people themselves are “invisible”), and solely use the props.

    The props would have circles, hexagons, V-shapes etc. painted on them. One interesting one would be a series of parallel lines at the correct spacing to be harmonic intervals for the given resolution; then holding that up and moving it up and down would change the pitch of the tone, left and right would change the onset, and closer and further away would distort the harmonics through the perspective transform of the camera. It might be easier to get a good sound out of it if you added a delay (= visual echo), but that is kind of cheating…

    Just some random thoughts, really. I might give your blackboard idea a go.

  6. The blackboard (actually, whiteboard) idea worked out well! We pointed our camera at a nearby board, shortened the frame play time to about two seconds, and hooked up the output (via esd) to our jukebox speakers. A crowd quickly grew around the board, and we had a collaborative composition session; here’s a throwaway example of the kind of thing we came up with:

    loop.mp3

    loop-frame.jpg
    loop-frame.png

    We’re complete novices on this musical instrument; it’ll be interesting to see how we learn.

  7. Hehe, pretty good! Congratulations on inventing and pioneering collaborative spectrogram-based music creation! ;-)

    I don’t know if you’re still using the charcoal effect on this one but if you do you could just use the -normalize option instead on top of the invertion (-invert?)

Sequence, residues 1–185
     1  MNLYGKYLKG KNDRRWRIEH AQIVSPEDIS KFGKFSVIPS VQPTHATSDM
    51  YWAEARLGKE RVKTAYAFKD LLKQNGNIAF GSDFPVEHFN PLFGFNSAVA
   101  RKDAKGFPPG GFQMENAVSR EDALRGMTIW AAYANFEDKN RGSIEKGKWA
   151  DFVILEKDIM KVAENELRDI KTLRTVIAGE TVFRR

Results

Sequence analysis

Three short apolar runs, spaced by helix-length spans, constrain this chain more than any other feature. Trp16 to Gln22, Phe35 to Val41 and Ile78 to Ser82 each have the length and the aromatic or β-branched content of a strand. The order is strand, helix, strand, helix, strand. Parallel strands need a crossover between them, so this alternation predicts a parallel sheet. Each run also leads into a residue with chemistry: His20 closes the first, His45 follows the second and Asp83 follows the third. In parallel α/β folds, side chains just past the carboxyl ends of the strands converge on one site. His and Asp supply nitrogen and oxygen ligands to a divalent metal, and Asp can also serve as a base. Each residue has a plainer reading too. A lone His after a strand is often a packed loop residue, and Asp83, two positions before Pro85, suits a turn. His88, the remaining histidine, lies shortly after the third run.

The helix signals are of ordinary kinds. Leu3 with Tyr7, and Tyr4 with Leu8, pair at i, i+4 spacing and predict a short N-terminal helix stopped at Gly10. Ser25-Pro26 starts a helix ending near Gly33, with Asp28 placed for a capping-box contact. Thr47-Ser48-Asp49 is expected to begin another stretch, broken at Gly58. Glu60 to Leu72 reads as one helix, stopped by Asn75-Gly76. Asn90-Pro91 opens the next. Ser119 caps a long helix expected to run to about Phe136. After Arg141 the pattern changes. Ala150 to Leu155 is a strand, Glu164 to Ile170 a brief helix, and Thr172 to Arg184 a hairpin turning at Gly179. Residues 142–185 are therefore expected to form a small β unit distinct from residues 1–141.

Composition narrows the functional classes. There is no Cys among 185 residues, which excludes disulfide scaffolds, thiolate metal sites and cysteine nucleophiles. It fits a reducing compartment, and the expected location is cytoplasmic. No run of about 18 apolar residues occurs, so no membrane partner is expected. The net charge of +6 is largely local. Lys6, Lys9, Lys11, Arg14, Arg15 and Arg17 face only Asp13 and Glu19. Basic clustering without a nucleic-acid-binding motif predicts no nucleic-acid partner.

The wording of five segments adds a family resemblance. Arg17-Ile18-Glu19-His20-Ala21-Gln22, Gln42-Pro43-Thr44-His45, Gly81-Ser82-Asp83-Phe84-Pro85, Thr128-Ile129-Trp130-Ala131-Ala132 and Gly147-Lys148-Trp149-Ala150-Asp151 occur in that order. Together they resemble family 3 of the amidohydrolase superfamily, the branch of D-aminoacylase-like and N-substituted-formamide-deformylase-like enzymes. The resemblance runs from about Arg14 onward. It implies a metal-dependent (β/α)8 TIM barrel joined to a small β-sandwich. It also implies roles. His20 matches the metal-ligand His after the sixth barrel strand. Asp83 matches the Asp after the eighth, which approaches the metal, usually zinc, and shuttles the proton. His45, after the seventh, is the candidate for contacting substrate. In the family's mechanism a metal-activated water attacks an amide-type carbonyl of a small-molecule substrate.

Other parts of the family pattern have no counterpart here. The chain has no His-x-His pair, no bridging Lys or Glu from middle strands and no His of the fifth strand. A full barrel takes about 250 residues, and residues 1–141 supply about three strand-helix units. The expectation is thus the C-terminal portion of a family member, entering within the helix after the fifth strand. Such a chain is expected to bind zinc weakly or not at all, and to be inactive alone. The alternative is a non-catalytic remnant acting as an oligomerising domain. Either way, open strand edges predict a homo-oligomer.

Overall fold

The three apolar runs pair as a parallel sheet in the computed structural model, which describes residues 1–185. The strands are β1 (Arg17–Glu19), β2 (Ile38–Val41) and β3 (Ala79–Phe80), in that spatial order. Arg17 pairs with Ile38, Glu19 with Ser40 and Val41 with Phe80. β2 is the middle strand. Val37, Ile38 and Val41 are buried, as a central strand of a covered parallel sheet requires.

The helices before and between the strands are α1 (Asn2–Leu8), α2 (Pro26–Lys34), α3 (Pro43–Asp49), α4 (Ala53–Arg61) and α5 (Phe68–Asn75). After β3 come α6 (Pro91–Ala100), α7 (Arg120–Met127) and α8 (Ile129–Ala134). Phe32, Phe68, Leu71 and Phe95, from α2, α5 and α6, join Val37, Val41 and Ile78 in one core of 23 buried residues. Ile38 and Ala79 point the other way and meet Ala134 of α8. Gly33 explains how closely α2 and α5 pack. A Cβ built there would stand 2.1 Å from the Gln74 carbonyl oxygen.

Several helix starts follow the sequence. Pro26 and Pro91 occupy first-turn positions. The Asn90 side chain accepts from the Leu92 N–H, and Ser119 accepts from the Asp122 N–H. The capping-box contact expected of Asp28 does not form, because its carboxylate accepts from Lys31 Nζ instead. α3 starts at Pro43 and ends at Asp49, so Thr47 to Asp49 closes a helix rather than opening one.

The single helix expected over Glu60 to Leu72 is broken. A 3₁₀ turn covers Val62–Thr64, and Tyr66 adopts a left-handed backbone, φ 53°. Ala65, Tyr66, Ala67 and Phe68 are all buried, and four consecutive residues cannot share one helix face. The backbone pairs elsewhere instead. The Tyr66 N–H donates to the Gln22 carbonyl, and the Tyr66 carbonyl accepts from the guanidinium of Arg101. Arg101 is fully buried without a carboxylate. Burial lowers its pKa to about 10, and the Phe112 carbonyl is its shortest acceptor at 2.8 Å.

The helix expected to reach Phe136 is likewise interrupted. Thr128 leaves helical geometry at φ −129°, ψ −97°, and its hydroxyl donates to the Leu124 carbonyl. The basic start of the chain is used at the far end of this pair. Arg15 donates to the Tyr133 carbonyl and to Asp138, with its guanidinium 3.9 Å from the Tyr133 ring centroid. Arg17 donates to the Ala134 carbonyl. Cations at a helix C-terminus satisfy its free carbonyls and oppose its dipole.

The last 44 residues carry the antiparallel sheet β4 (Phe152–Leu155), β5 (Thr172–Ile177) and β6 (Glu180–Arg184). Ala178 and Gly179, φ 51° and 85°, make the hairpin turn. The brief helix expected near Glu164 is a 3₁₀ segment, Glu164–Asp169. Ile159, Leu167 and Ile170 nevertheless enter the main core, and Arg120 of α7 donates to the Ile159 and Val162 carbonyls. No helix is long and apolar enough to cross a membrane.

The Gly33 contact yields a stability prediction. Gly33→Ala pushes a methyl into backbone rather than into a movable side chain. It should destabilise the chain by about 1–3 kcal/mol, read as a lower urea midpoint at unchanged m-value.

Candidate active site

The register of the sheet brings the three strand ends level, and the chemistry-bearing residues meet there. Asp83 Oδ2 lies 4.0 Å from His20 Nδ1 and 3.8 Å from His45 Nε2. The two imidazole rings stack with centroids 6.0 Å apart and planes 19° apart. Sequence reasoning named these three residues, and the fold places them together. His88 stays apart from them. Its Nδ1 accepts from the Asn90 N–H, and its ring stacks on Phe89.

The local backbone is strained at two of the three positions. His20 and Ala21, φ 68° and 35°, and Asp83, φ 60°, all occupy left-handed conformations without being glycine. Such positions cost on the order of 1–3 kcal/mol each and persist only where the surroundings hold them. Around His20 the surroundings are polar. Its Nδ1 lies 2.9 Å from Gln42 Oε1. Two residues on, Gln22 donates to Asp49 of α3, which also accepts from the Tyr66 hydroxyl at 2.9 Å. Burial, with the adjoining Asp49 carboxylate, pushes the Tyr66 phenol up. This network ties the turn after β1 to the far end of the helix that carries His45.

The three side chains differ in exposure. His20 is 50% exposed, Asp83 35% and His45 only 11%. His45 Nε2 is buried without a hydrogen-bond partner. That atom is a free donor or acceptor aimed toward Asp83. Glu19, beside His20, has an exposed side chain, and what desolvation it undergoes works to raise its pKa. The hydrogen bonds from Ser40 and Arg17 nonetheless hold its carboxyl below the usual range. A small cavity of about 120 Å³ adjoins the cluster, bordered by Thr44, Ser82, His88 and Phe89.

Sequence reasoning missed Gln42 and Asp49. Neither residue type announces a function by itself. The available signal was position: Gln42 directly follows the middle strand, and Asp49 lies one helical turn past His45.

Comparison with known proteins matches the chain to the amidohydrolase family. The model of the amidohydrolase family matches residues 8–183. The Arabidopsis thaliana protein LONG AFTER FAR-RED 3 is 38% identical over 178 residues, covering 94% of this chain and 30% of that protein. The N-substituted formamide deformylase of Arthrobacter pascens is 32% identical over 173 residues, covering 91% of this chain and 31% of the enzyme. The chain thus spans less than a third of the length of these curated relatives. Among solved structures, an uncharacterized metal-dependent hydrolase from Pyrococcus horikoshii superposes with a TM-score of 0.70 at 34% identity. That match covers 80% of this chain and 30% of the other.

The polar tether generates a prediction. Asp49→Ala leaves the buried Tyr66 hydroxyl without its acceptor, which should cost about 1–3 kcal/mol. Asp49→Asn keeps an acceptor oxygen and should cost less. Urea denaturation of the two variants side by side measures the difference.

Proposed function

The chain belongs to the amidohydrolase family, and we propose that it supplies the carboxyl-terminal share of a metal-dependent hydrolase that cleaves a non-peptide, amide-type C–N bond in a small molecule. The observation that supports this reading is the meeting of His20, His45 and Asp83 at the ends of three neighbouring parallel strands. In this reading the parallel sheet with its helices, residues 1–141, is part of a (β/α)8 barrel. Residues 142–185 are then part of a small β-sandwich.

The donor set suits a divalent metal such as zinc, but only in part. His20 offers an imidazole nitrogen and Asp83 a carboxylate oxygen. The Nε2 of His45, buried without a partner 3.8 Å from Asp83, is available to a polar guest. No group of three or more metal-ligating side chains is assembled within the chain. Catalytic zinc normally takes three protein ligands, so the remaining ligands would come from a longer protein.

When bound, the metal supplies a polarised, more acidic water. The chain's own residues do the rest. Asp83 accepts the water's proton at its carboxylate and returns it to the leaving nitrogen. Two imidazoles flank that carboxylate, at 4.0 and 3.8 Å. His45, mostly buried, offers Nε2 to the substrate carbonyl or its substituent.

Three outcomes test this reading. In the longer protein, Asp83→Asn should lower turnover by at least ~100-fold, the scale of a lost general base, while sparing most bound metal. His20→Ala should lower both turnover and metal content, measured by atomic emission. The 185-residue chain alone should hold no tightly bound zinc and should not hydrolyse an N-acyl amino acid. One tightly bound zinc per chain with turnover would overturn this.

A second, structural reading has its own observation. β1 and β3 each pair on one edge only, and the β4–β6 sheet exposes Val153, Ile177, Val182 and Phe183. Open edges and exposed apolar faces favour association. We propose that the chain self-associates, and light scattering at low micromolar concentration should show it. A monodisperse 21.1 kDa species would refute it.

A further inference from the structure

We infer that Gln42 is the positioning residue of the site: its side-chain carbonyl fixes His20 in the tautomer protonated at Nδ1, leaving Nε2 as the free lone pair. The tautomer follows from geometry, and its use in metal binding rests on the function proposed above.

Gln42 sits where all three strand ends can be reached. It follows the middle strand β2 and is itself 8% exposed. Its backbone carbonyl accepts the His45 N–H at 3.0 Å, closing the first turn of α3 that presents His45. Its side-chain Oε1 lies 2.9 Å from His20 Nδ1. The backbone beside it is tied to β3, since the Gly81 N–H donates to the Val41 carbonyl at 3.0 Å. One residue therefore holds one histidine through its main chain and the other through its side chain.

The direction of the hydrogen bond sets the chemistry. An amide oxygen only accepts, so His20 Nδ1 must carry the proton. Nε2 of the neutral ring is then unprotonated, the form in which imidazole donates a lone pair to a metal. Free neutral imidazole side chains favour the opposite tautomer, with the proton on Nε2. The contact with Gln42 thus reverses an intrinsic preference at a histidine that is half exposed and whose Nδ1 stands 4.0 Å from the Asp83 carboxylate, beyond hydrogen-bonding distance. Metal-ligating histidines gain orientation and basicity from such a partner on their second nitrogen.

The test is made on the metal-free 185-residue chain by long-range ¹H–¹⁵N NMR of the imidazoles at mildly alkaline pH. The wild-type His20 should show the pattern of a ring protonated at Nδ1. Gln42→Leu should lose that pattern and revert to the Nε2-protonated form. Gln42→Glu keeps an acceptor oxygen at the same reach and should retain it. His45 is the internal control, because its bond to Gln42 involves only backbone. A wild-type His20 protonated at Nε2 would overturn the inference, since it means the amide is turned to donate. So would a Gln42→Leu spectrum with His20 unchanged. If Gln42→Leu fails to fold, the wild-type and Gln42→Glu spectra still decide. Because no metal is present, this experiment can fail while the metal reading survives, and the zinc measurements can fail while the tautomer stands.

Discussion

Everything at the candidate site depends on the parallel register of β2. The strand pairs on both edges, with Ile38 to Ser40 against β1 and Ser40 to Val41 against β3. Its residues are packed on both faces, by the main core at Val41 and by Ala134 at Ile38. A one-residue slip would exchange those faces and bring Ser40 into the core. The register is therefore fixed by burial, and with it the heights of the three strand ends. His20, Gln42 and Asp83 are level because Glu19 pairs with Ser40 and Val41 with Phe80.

By the way, you did that at work? What kind of job can be cool enough as to let you gather around a few employees to make a techno beat on the whiteboard? ;-)

  8. By the way, you did that at work? What kind of job can be cool enough as to let you gather around a few employees to make a techno beat on the whiteboard? ;-)

    We are always looking for good developers!

  9. Haha, great. However I live in Dublin (Ireland, not Ohio) and I know nothing of Java, .Net or databases. I’m more the embedded type (my CV) although right now I’m looking for sysadmin jobs.

  10. Thanks for the -normalize option suggestion – it made a big difference. We’ve also started using the “-distort Perspective” option to select out a region from the webcam frame for rendering, which gives us much more flexibility in how we position the camera.

  11. Hi Tony. Just a quick comment to let you know this is running on a new server now. And, err, test that comments work.

  12. Giantfishy
    on 22/11/09 at 7:44 am

    I randomly stumbled across another not so awesome but also slightly interesting way: If you try to import a video into Audacity, it comes out as strangle squeaky stuff.
    Still, I like this way more :)

  13. [...] provides a great tutorial on how to convert live webcam images into audio, which I’ve used as a starting point for my [...]

  14. [...] environment. As an example, here’s a video of me by Nikki doing a live demonstration of tonyg’s method of combining ARSS and SOX to convert images into [...]